Five students who were killed in a series of crashes by a wrong-way driver while on their way home to Arkansas from a Bible college in Wyoming have been remembered by their community for their strong faith and commitment to evangelism.
According to KATV, Sylvan Hills High School seniors Susana “Suzy” Prime and Ava Luplow, both 18, and three recent graduates, Salomon Correa, 21, Maggie Franco, 20, and 23-year-old Andrea Prime, Suzy’s sister, were driving home from Jackson Hole Bible College on Interstate 80 on Sunday when a Dodge Ram was reported heading east in the westbound lanes.
The pickup truck collided with a passenger car and commercial truck, forcing another truck to swerve into the other side of the road where the driver collided head-on with the students’ Ford F-150.
The truck and the students’ vehicle were engulfed in flames, killing the five young adults and leaving others with critical injuries.
Authorities said the driver of the Dodge has been arrested on suspicion of impairment and could face other charges as the investigation unfolds.
On Facebook, Faith Bible Fellowship, the church all five students attended, mourned the deaths of the students and announced that a combined funeral service will be held on Feb. 4 at 10 a.m. at the Sylvan Hills High School Performing Arts Center.
“Our fellowship is mourning the loss of five of our young adults,” the church said.
Following the deadly crash, more than 100 people gathered at the Faith Bible Fellowship, in Arkansas, the church that the young adults attended, for a candlelight vigil.
Quint Scruggs, who is an alum of Sylvan Hills High, told the station the community is in disbelief.
Scruggs said he went to school with some of the victims, adding that they were “always joyful, I mean there was never a dull moment, always made you laugh.”
Two of the young adults, Susana and Ava, worked at the Humble Crumb bakery near their high school, where Maggie had also worked along with family members.
Ruth and Betsy Peters, owners of the bakery, told local KARK that they were devastated to learn of the girl’s death. Betsy Peters told the outlet she takes comfort in a recent Bible verse both Susana and Ava had posted on their Instagram accounts: “I consider that our present sufferings are not worth comparing with the glory that will be revealed in us.”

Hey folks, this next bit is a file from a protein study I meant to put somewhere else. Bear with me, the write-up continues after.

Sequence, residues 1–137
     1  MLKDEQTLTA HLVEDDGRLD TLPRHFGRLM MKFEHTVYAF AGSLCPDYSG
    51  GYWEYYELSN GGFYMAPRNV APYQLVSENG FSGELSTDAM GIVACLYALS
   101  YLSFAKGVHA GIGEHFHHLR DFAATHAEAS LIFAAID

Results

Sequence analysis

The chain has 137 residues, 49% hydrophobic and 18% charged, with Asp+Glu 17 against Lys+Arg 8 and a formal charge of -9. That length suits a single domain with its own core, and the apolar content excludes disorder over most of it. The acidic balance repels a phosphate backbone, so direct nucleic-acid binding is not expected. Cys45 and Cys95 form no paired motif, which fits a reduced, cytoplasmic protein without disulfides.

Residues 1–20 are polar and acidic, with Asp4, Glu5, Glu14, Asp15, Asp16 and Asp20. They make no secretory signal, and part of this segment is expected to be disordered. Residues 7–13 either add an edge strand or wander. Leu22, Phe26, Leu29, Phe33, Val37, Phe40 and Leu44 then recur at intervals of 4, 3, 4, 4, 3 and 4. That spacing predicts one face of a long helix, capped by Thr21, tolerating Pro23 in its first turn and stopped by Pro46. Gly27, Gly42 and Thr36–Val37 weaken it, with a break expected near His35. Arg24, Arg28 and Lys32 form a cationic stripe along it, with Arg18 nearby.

“I just couldn’t believe it because that’s what’s happening. … God is being glorified through them and that’s what they wanted,” Betsy said.
The bakery said they would be closing for two weeks to allow employees to grieve the girls’ deaths.
“Our lives are forever changed and the bakery will continually feel this void. Our small team lost two of our own, two of our gems, on Sunday,” the Facebook post said. “The news has broken our hearts and we are still trying the wrap our minds around this new reality.
“We have ONE comfort and ONE hope and that is the comfort that comes only from God,” the business posted on Facebook. “Ava and Suzy loved Jesus and they knew Jesus as their redeeming Savior. They wanted to serve him with their lives and they were trusting in HIM for their salvation. They are now with HIM in glory and while we suffer their loss, our hearts are also filled with hope.”
Lydia VanderVate, who grew up in the Faith Bible Fellowship with all five victims, told the outlet the community is devastated by the accident.
“It feels like my heart is broken,” she said. “They all had such bubbly personalities, could get along, always laughing with each other.”
Both Peters and VanderVate told the outlet they are “hoping to share the Gospel that is currently carrying them through this time of loss.”
“Ruth said she hopes this story reassures readers and viewers of the character of God and what He has done for them and can do for everyone else, too,” the story added.
On social media, Sylvan Hills High School said counseling will be offered to students and staff who need it.
“Our thoughts are with the families and school community as they grieve the loss of such young lives,” the school said in a Facebook post. “You all will be greatly missed.”
Leah M. Klett is a reporter for The Christian Post. She can be reached at: email@example.com
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